An Authentic Exhibition : Authentic and Fictional Native American Representations in the Wild West
|Year of publication
|Appeared in Conference without Proceedings
|MU Faculty or unit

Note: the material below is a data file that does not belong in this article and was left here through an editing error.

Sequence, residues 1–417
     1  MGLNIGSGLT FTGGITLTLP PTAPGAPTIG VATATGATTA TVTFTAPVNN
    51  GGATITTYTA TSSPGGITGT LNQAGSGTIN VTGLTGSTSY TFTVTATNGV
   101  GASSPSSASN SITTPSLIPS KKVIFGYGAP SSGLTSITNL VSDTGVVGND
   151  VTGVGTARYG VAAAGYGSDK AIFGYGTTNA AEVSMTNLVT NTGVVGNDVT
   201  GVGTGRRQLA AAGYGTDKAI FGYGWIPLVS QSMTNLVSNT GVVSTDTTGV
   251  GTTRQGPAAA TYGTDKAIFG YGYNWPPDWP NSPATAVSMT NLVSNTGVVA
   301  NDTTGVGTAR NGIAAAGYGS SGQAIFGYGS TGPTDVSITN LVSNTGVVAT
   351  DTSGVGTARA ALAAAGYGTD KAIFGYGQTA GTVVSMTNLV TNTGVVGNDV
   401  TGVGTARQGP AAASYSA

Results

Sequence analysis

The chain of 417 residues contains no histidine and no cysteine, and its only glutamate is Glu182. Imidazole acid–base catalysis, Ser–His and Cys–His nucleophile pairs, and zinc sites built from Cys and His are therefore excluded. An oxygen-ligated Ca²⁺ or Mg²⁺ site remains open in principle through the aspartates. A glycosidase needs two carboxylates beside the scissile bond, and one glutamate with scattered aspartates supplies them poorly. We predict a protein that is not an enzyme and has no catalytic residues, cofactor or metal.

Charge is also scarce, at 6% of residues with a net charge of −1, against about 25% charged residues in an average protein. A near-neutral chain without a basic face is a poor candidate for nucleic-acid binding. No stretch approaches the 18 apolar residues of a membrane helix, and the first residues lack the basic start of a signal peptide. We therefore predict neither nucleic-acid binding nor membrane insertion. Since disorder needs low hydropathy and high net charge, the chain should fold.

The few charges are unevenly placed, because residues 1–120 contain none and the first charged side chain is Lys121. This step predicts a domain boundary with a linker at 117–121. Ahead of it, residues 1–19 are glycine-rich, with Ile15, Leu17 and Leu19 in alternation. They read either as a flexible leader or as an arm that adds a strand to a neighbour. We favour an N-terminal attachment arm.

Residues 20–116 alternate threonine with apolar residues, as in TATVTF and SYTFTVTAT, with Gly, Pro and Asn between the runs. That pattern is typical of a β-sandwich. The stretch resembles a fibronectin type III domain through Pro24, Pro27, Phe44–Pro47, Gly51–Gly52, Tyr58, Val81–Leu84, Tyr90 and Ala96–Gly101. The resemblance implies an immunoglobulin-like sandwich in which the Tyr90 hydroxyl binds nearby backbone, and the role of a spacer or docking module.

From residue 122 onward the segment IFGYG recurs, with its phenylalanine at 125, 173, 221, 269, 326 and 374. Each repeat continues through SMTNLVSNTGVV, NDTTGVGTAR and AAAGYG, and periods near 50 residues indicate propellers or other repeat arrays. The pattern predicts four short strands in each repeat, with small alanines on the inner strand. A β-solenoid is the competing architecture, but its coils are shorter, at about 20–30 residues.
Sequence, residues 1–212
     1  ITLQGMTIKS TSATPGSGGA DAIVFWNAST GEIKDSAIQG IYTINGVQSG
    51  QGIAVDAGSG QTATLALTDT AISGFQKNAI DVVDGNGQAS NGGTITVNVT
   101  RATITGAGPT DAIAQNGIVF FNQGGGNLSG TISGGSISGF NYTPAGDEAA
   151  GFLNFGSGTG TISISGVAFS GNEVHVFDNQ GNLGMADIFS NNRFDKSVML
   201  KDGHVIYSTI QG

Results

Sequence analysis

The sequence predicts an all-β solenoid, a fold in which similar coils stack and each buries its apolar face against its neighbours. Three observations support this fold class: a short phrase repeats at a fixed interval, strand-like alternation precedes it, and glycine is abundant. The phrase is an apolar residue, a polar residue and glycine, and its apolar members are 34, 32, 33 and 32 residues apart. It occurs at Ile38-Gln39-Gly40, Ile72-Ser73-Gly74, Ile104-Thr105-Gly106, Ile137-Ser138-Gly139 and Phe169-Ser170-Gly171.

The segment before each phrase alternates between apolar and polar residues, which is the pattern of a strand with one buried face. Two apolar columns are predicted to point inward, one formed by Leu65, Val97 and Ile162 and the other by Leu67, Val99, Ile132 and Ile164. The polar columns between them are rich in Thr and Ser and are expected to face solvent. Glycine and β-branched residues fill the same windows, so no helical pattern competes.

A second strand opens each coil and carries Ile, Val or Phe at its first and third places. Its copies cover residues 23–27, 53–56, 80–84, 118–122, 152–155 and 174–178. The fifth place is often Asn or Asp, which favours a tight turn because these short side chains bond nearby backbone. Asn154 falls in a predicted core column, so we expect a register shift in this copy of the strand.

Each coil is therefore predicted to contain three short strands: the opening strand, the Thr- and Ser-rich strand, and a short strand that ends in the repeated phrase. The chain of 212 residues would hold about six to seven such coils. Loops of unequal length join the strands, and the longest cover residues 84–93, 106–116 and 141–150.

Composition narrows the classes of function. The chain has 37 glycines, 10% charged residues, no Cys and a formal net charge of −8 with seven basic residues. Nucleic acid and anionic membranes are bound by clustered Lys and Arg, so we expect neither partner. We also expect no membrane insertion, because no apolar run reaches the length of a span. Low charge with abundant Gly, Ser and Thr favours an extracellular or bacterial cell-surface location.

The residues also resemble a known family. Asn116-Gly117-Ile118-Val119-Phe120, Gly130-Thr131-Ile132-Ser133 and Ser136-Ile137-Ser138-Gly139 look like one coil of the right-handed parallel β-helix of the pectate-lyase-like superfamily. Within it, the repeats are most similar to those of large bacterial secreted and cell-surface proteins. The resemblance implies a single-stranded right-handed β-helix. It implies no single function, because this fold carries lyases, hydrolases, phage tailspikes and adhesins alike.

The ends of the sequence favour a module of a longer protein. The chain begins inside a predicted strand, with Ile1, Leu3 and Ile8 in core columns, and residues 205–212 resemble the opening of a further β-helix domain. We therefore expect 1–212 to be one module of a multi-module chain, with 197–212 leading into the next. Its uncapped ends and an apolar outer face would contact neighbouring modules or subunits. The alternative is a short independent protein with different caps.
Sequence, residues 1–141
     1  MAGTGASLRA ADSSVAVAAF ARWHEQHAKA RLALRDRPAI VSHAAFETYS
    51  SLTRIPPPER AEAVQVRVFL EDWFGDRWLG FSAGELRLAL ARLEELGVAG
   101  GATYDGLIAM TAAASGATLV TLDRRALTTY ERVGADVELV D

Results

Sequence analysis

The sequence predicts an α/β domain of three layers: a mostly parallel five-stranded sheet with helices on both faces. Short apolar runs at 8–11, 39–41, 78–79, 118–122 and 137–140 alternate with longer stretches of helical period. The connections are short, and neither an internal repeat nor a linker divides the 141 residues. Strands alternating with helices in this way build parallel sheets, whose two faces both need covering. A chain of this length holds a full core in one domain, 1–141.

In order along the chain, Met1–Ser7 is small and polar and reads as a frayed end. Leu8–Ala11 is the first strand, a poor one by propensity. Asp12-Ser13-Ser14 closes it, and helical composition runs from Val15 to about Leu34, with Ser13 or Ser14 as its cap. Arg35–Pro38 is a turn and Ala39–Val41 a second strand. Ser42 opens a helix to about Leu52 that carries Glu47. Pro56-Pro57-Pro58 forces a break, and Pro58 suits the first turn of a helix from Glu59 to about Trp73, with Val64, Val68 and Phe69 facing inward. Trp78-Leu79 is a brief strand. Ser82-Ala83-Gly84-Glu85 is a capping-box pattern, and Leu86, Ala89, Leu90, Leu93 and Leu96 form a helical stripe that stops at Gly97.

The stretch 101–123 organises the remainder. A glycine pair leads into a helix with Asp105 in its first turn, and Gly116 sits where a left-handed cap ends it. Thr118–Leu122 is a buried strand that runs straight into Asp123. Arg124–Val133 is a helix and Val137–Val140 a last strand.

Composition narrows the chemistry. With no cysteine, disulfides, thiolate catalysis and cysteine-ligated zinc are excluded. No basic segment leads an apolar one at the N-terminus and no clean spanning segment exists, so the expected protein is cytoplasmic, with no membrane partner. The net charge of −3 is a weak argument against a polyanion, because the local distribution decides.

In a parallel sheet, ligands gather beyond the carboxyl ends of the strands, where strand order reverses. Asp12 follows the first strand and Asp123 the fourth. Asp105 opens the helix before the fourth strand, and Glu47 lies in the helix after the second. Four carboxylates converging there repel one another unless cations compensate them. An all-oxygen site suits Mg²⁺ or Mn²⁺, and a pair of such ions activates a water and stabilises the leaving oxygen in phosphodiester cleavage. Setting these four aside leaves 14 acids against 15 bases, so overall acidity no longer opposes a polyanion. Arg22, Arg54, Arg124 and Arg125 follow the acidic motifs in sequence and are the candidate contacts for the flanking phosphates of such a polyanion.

|The last few decades of the 19th century in the USA saw a rapid growth in interest in Native American cultural practices and the history of interaction between the domineering and original populations - as a part of the development of the Western as a genre. As a result, a number of fictionalized stories of encounters, such as battles, between the two ethnic groups were published as fiction and performed as live shows. A development in the frontier led to several paradoxes: the same audiences on the one hand feared perpetrators of historical crimes and on the other hand enjoyed re-enactments of these events - performed by the same actual participants in them; an understanding of an "authentic" Indian became a product of a fictional construct of an idealized character type, and thus "authentic" and "fictional" representations often blurred, as much as fiction often beat authenticity. In my talk, I will discuss how the entertainment of the era present a challenge to our understanding of the boundary between an authentic and fictionalized representation of actual events.